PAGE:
Jul 26 2023

Inflation hits 2-year low, but Fed hikes continue

fed rate increase
fed rate increase

What does another Fed rate increase mean for homebuyers? Find out where mortgage rates are heading.

After a brief pause, the Federal Reserve just announced another Fed rate increase. Though inflation recently hit a two-year low, the Federal Reserve’s work isn’t done yet.

Still, an end may be in sight.

To reach the Federal Reserve’s goal of 2 percent inflation, Mary Daly, President of the Federal Reserve Bank of San Francisco, said several more hikes might be needed. But much of this depends on the data. If inflation keeps cooling, we could see another rate pause in a few months’ time.

How does a Fed rate increase impact you?

The Federal Reserve, otherwise known as the U.S. central banking system, began raising its benchmark rate in early 2022 in an effort to curb historic surges in inflation. When the benchmark interest rate goes up, it causes the cost of many types of borrowing to rise.

Effects of a Fed rate increase include:

Short-term -

  • ARMs. Adjustable Mortgage rates will increase.
  • Bank accounts. Savings account rates may slowly rise, providing financial benefits.
  • CDs. Certificate of deposit payout rates may also rise, at varying levels.
  • Credit cards/car loans. Rates on auto loans and credit cards are likely to move higher.
  • HELOCs. Home Equity Loan and HELOC rates may also gradually increase. 

Long-term -

  • Fixed-Rate Mortgages. A Fed rate increase doesn’t affect fixed rates directly, but it can set a chain of events into motion that has the potential to cause mortgage rates to rise. 
  • Long-term bonds. Bond yields may decrease, typically inversely related to interest rate hikes. 

In the past, the easiest way to tell what direction mortgage rates were heading in was to look at the 10-year Treasury bond. Mortgage rates have stayed about 1.7 percent higher than the 10-year Treasury bond yield since the Great Recession.* When the Treasury yield began to climb in 2022, it brought mortgage rates with it.**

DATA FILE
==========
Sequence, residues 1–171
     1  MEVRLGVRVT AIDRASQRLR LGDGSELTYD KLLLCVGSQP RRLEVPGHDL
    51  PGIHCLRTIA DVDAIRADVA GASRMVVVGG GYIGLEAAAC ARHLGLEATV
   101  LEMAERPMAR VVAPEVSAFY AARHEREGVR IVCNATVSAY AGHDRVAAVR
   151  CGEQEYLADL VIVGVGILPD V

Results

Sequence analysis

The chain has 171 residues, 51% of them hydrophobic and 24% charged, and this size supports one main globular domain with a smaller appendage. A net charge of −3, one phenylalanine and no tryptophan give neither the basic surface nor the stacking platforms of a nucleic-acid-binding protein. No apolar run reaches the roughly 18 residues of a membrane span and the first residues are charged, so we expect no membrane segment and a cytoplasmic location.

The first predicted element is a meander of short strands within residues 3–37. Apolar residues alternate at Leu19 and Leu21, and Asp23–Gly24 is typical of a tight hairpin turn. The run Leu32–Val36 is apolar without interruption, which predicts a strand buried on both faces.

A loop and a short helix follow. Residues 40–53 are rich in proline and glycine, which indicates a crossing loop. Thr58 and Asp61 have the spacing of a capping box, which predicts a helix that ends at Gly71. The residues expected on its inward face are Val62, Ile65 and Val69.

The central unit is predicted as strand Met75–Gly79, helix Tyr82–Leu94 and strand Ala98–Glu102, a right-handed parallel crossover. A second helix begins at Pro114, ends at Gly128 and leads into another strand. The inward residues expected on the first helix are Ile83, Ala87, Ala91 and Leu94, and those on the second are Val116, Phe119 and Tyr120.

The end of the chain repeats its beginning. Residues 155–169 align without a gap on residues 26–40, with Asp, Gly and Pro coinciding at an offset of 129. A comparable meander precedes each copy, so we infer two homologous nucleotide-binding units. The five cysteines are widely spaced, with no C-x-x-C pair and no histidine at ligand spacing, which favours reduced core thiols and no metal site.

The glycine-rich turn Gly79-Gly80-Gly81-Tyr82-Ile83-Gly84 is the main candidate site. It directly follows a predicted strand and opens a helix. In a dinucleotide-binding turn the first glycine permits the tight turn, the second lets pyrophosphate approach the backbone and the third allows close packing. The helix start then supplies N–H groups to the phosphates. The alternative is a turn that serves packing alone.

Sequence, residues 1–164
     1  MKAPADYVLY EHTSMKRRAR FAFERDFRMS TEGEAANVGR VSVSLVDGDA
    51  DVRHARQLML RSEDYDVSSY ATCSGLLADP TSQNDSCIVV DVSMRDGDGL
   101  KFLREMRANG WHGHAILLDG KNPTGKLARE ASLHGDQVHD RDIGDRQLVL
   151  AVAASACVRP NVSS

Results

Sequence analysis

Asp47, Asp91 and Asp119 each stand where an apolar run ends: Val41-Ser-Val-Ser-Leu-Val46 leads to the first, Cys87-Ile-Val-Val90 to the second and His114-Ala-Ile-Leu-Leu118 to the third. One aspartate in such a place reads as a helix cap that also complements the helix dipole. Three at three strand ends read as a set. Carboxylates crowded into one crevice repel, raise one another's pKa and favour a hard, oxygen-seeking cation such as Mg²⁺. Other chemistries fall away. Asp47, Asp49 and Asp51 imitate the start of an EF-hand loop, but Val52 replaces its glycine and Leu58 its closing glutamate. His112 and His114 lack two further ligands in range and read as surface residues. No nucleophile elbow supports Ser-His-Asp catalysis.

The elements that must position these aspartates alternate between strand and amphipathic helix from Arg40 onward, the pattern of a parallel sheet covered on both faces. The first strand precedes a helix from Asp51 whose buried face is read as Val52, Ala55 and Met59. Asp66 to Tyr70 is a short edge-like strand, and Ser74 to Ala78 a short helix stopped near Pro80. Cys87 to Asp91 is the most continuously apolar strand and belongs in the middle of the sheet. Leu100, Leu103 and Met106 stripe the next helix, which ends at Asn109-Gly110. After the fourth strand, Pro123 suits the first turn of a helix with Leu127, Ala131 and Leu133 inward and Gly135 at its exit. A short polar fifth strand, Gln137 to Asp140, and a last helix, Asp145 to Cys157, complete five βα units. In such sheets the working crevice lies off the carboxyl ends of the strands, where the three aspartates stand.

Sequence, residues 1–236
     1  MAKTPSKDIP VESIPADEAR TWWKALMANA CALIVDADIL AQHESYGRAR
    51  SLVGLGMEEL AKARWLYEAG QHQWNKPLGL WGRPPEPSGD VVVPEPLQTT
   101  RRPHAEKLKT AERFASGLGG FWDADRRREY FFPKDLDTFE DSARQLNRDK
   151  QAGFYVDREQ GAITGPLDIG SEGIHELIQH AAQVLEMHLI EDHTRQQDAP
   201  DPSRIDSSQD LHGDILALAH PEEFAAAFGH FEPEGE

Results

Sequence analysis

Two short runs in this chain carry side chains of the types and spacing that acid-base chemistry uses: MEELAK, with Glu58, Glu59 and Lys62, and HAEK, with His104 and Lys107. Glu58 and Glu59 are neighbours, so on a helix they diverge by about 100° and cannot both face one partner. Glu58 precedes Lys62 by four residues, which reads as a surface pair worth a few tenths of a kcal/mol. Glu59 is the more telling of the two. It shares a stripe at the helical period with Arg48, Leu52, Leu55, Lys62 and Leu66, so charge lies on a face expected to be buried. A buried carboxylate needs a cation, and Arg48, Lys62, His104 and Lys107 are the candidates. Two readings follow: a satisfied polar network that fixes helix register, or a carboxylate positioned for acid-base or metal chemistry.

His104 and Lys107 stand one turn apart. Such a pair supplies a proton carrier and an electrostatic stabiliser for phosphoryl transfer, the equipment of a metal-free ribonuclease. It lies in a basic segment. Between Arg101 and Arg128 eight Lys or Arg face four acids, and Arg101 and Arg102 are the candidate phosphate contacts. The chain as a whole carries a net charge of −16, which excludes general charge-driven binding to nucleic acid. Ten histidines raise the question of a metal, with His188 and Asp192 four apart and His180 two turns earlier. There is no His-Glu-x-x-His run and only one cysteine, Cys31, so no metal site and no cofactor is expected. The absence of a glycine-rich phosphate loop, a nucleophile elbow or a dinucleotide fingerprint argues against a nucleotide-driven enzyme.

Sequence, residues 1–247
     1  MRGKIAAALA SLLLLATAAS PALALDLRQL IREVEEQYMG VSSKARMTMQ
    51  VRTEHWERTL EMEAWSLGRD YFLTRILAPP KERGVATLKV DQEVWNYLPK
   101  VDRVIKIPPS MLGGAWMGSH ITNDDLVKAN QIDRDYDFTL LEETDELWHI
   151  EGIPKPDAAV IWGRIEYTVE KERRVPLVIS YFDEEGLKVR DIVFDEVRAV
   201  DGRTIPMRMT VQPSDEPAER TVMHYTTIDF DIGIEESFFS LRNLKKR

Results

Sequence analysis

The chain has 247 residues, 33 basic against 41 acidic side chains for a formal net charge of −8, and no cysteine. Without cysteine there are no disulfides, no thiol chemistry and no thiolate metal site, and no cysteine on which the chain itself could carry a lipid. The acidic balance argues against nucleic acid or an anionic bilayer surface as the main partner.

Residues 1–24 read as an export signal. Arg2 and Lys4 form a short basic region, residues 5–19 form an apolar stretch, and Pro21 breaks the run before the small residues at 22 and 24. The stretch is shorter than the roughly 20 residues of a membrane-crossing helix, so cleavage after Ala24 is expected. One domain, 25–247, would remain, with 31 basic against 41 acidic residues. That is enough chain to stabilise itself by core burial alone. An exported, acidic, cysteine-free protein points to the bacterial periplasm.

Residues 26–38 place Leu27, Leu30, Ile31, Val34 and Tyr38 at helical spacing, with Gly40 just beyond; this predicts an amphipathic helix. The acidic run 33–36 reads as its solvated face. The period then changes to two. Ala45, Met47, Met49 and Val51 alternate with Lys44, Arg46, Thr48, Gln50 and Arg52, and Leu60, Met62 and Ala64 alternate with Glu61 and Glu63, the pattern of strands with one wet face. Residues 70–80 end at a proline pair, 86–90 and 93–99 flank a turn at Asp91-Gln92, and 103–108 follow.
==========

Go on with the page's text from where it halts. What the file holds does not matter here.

But the recent Fed rate increase cycle has widened the spread between the two. While some economists believe the gap between these numbers will get smaller, it’s unlikely it will return to 1.7 percent anytime soon.* Closing this gap, even slightly, could help to bring mortgage rates down too.

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Have mortgage rates hit their peak?

High inflation has contributed to higher mortgage rates. But as inflation falls from it’s peak, forecasts suggest the same might be true for mortgage rates.**

“Low inflation means low mortgage rates. Therefore, decelerating consumer prices could steadily lift home sales and increase home production in a few months,” Lawrence Yun, Chief Economist for the National Association of REALTORS®, said.

For homebuyers feeling stuck, this is encouraging news.

Though no one can guarantee where mortgage rates will land, the possibility of lower rates offers the possibility of a lower monthly payment. Homebuyers struggling to afford a house will see their buying power increase.

Even amidst affordability challenges, the outlook isn’t necessarily bleak. Mortgage rates remain below the historical average. The homeownership rate also continues to rise as the labor market holds steady.

To summarize: People are still buying houses. As Sam Khater, Freddie Mac’s Chief Economist, noted recently, “Despite affordability headwinds, homebuyers have adjusted and driven new home sales to its highest level in more than a year.”

Many buyers are using strategies like rate locks and Temporary Buydowns. A rate lock secures a mortgage rate for a set time to buffer market fluctuations, while a Temporary Buydown lowers a mortgage rate for the first few years of homeownership. Low and no down payment mortgages can also help to reduce or eliminate some of the upfront costs of buying.

Are you ready to reenter the market?

Your local Academy Loan Officer can help you determine when the time is right. You may find an affordable mortgage today, or you might save more by waiting a few months to purchase. Get in touch for personalized guidance.

Please consult a trusted professional as personal circumstances may vary. No specific results are guaranteed. Not all applicants will qualify. MAC724-1487688.